0
votes
1answer
103 views

Can Planck's temperature ever be reached?

Planck's temperature is theorized to be the highest possible temperature in the universe. But, has it been reached? Or, will any object or phenomenon ever reach this absolute temperature?
1
vote
1answer
76 views

What is the de Sitter temperature as of now?

It is claimed that de Sitter temperature is $$T=\frac{1}{2\pi}H,$$ where $H$ is the Hubble constant. I presume it is expressed in natural units with which I am not familiar. So what it will be in ...
1
vote
3answers
100 views

What happened to high temperatures in the universe?

We know that after the big bang the temperature was about 10^32 K. But now the average temperature of the universe is about 4 K. What happened to the temperature at that time? Where did it go?
3
votes
2answers
151 views

CMBR temperature over time?

How has CMBR temperature dropped as function of time? A graph would be nice, but I'd be happy with times (age of universe) when it cooled enough to not be visible to human eye, became room temperature ...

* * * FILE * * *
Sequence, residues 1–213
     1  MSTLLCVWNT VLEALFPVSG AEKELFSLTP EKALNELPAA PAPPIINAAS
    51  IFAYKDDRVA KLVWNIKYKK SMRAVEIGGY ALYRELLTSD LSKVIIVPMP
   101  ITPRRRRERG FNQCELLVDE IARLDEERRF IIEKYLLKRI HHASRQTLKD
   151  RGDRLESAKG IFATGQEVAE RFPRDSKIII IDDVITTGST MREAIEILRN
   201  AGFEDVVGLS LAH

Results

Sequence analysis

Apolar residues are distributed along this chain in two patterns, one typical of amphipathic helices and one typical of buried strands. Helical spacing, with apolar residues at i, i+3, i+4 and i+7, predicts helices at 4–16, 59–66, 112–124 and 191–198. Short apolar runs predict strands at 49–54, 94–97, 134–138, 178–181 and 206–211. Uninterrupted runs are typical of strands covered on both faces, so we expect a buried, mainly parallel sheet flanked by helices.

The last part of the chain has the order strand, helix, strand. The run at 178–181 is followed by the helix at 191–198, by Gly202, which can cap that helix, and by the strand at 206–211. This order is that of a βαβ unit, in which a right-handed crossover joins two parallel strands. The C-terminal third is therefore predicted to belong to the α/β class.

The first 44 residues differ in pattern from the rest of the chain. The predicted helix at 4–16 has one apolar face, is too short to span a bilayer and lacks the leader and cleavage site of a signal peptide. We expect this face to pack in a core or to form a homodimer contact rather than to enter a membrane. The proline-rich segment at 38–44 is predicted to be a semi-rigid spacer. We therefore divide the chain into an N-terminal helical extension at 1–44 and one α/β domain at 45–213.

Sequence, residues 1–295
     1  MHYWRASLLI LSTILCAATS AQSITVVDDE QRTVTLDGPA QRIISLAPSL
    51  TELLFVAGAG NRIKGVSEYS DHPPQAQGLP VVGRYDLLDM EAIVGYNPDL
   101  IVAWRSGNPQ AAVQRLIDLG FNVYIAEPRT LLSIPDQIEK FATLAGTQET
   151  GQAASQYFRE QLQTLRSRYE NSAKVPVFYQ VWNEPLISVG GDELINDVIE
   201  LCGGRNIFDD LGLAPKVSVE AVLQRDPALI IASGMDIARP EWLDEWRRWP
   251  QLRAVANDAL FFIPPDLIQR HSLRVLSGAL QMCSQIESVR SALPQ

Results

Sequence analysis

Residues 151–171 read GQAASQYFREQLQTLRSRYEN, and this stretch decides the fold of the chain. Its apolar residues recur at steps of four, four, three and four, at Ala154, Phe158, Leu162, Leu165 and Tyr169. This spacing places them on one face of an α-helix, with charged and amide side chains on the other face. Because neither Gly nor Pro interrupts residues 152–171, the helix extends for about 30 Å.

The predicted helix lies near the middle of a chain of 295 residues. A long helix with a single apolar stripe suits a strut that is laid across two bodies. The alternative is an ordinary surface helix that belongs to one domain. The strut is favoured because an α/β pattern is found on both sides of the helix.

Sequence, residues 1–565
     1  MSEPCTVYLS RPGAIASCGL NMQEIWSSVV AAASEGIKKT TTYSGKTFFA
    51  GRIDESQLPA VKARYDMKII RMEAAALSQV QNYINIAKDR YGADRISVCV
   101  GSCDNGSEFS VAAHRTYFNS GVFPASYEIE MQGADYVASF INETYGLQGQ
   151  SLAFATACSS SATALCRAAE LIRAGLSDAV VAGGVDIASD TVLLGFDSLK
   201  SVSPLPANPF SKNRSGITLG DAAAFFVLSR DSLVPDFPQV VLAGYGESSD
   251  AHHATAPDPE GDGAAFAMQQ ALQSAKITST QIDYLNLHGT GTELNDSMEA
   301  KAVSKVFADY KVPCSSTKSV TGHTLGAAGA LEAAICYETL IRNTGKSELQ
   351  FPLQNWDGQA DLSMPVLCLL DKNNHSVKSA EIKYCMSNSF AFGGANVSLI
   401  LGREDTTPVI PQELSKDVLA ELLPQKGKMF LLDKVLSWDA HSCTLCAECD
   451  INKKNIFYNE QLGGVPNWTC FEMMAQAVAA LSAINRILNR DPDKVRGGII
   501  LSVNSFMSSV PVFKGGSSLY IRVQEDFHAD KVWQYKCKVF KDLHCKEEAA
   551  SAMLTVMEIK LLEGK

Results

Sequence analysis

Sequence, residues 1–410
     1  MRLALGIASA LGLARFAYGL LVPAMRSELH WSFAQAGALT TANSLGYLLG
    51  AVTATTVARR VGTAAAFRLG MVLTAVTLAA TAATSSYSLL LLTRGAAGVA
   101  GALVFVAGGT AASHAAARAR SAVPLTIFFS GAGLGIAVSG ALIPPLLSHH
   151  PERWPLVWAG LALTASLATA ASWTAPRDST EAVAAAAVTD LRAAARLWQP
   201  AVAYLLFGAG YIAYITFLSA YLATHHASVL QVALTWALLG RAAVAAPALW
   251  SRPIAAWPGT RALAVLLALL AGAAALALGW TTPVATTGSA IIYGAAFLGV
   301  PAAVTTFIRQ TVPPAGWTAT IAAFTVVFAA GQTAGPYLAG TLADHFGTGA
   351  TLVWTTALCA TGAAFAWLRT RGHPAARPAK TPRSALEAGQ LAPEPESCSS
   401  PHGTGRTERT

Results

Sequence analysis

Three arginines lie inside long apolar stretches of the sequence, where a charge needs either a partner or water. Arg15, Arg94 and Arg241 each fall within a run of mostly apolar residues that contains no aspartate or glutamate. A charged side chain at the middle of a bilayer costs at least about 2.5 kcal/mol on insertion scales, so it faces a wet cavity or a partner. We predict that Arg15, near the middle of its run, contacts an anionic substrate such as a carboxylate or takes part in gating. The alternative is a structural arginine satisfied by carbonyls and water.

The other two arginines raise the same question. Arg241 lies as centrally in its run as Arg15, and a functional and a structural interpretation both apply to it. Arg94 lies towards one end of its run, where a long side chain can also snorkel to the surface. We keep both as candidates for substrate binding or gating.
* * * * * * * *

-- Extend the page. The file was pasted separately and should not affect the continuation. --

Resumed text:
1
vote
0answers
65 views

Photon temperature above Electroweak Symmetry Breaking (EWSB) transition

In discussions of the history of our Universe, photon temperature is substituted for time. As the Universe cools, phase transitions break symmetries, including electroweak symmetry. Why does it make ...
3
votes
2answers
423 views

What's the avarage temperature of the Universe?

I'm sorry if this was asked before but with all the stars and dark matter and all the other stuff, curently in the Universe, what's the avarage temperature of the Universe? Is it like extremely high ...
2
votes
2answers
448 views

Why the temperature is getting lower when the universe is expanding

As we know, if an ideal gas expands in vacuum, as its energy is unchanged, the temperature remains the same. An ideal gas's energy does not depend on volume. In general, the energy is $kT$ times the ...
2
votes
3answers
188 views

Temperature in space

Temperature is a measure of kinetic energy transferred to particles, henceforth, space being vacuum, temperature cannot be measured. But then, there is cosmic background radiation. It is the leftover ...
2
votes
0answers
71 views

How can I read density fluctuation from microwaves?

The Cosmic Microwave Background Radiation shows temperature differences. The red and yellow areas are warmer. The green and blue areas are cooler. For example consider this picture of CMBR ...
15
votes
6answers
1k views

How can it be that the beginning universe had a high temperature and a low entropy at the same time?

The Big Bang theory assumes that our universe started from a very/infinitely dense and extremely/infinitely hot state. But on the other side, it is often claimed that our universe must have been ...